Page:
learned from them and hope to be as good a teacher for my children.
Though I’m sitting here
at my computer, I very well could have written this blog post from the shower.
For my birthday this
year, I received a unique and amazing gift: a waterproof notepad and pencil,
designed for the shower.
I had requested this
gift from Michael and Rachel, my brother and sister-in-law. “I’d like a dry
erase board for my shower,” I told them. “I don’t know if it exists, but I
figured if anyone in the world could find it, the two of you could.”
So, they presented me
with these packs of waterproof notepad paper
I stuck the notepad and the
pencil to the wall of my shower using the attached suction cups, and I was
ready to write.
Why do I want this
unusual product? I thought you’d never ask.
ideas come while in the shower. With
the warm temperature and the sound of calming water, my mind is clear, allowing
me to let the creative juices flow without distraction. Many of the ideas for
posts on my blog originated in the shower.
list items. When I’m not thinking of exciting, creative, fresh
ideas, my mind wanders to my stress level and things I need to accomplish. My
brain is filled with “Oh no, I forgot to email my advertising rep at the
newspaper about an ad we’re running,” or “I need to buy stamps,” or “It’s been
a while since I’ve had dinner with Kayla.” I’m a much happier Lia when my
thoughts are on paper (or on pixels), and this will allow me to never be more
than an instant away from a pen. To my journalism, English, and writing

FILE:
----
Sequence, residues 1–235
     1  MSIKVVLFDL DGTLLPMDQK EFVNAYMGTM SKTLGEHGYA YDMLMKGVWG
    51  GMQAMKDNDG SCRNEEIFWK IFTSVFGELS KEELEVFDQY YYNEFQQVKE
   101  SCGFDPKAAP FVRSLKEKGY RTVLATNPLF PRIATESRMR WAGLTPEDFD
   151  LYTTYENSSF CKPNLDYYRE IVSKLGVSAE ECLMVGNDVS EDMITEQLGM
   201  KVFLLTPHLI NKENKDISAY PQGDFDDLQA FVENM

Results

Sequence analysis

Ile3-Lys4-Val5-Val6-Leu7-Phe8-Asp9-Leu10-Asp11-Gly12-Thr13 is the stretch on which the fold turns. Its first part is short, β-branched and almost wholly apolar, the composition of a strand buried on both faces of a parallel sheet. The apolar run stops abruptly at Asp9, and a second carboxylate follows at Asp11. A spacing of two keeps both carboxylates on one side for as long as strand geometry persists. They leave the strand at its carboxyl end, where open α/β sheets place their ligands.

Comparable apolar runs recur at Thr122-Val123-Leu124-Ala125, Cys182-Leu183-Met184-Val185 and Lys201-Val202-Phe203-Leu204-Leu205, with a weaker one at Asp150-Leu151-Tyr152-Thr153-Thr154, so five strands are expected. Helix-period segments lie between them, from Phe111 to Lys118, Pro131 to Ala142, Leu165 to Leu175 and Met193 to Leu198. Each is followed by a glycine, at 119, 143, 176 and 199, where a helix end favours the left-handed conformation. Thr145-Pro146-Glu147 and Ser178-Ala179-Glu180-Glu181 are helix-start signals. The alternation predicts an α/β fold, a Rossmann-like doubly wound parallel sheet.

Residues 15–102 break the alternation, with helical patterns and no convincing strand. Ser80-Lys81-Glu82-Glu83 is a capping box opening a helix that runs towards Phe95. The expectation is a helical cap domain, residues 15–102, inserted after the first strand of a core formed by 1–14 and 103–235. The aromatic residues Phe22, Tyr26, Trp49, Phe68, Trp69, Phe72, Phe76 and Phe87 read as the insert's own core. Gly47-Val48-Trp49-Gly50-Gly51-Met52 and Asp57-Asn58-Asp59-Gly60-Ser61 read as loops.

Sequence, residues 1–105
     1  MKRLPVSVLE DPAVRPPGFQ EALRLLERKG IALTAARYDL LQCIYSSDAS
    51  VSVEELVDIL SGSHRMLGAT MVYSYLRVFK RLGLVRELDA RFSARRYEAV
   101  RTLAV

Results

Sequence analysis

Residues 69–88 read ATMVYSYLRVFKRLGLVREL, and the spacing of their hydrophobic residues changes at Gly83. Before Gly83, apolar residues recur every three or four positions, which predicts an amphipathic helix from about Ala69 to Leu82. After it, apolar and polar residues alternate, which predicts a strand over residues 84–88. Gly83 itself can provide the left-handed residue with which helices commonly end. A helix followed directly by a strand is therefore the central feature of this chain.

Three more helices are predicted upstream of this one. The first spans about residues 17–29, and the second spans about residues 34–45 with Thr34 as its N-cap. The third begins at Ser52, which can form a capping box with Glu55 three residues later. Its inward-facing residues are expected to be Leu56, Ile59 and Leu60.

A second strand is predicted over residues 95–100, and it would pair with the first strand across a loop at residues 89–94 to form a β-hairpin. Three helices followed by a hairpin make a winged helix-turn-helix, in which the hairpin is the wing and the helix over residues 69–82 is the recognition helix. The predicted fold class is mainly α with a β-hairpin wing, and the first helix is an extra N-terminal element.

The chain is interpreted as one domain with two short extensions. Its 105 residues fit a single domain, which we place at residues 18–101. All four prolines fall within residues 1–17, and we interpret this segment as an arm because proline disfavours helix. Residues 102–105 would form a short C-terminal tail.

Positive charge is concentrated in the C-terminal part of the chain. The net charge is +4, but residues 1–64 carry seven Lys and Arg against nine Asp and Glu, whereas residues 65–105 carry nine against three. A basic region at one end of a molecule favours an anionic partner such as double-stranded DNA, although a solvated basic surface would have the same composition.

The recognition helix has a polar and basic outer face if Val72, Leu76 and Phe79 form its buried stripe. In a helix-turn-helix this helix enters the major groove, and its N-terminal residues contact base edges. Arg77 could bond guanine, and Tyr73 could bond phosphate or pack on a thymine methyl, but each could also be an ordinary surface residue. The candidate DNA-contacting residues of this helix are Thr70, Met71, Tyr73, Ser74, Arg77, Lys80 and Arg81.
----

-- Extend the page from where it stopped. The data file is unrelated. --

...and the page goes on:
teachers, who taught me to keep a journal and a reporter’s notebook nearby: you’ve
again ruined me.
issues. Upon seeing this gift, my dad said, “Lia, either
your showers are too long or your short-term memory is not functional. Can’t
you just remember these ideas and items until you get out of the shower?” Both
may be true, but … what was I saying? Oh yeah, memory issues. I find myself
making up a song so as not to lose my new thoughts — see how long you could
survive singing “Contact solution, e-mail Rachel, blog about the vegetable
aisle in the grocery store” to the tune of Lady Gaga’s “Bad Romance.”
So, I’d like to thank
Michael and Rachel for this great gift — and actually, maybe I’ll even write
their thank you note while shampooing my hair.
In the heart of downtown Chicago, a
large party room was filled with young Jewish professionals. Candles were
radiating, wine was poured, homemade challah was savored, and the communal
companionship was felt by all. My wife and I were relieved that Shabbat
had begun and the hours of preparation in the kitchen (and on social media) had
come to a close. It was now time to disconnect, to stop and savor the
moment. It was a beautiful occasion, and it was time to take the occasion to
the next level.
I found myself thinking about a story regarding three
construction workers who were interviewed at the same construction site. The first
interviewee was a boy about 19 years old. When asked why he was there, he
responded that he doesn’t have the money for a membership to a gym; construction
work is a great work out, he gets paid to get ripped, and the chicks dig it.